Mimi Lusli, Ruth M. H. Peters, Marjolein B. M. Zweekhorst, Wim H. Van Brakel, Francisia S. S. E. Seda, Joske F. G. Bunders, & Irwanto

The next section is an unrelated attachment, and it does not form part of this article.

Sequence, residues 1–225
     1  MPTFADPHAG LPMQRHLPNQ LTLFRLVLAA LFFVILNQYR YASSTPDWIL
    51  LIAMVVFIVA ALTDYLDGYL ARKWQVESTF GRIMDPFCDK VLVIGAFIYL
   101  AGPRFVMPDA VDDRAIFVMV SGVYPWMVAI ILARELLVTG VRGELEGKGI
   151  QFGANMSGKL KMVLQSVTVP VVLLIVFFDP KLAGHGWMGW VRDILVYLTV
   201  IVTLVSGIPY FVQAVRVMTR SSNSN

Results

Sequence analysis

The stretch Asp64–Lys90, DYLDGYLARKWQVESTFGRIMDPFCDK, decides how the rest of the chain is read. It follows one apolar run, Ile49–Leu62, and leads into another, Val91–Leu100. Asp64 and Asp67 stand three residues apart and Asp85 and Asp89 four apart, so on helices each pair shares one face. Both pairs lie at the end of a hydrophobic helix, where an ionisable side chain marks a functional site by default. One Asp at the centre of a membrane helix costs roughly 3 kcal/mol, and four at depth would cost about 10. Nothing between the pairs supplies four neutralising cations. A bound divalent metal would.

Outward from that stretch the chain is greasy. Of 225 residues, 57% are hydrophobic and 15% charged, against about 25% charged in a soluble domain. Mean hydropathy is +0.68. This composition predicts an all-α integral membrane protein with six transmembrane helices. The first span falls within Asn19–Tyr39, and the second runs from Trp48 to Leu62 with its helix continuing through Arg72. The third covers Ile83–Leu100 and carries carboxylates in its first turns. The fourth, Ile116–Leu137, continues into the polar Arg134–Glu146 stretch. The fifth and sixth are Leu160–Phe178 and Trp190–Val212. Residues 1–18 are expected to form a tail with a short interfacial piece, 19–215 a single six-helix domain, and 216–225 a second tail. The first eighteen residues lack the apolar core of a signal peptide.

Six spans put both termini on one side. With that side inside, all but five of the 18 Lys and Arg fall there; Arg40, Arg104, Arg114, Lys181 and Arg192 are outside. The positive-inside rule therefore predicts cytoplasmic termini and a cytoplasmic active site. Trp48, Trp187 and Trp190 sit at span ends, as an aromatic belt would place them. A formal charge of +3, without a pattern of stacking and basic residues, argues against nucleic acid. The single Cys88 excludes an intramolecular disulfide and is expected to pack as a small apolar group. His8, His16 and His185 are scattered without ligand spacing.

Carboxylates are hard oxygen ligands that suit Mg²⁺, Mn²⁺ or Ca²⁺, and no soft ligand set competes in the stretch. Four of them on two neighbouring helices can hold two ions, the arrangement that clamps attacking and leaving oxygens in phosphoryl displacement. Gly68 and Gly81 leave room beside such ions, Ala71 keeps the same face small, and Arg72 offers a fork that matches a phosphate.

Objective: Counselling has been identified as a promising strategy to reduce stigma. Lay and peer counsellors have provided counselling in various fields, but this has not yet been studied in the field of leprosy. The Stigma Assessment and Reduction of Impact (SARI) project in Cirebon District, Indonesia took up this endeavor. This paper describes the initial experiences based on the perspectives of the lay and peer counsellors and aims to provide lessons learnt for future initiatives. Methods: The selection of lay and peer counsellors was based upon pre-defined criteria such as completed junior high school and level of confidence. This study draws on the notes of seven monitoring and evaluation meetings and 21 group discussions the main researcher facilitated with the lay and peer counsellors and the notes written by the lay and peer counsellors on the sessions with their clients. Results: In total, 198 people affected by leprosy were offered counselling by the 11 lay and 12 peer counsellors; 145 accepted this offer. The other 53 either did not 2need counselling or did not want to participate for example due to worries about disclosure. Effective communication skills such as listening and asking effective questions were important, but also difficult to acquire for the lay and peer counsellors. Sharing personal experiences was highly appreciated by clients and stimulated a deepened reflection. Conclusion: Challenges related to concealment and effective skills exist, but some people affected by leprosy and others can become effective counsellors making it at the outset a challenging but nevertheless promising intervention.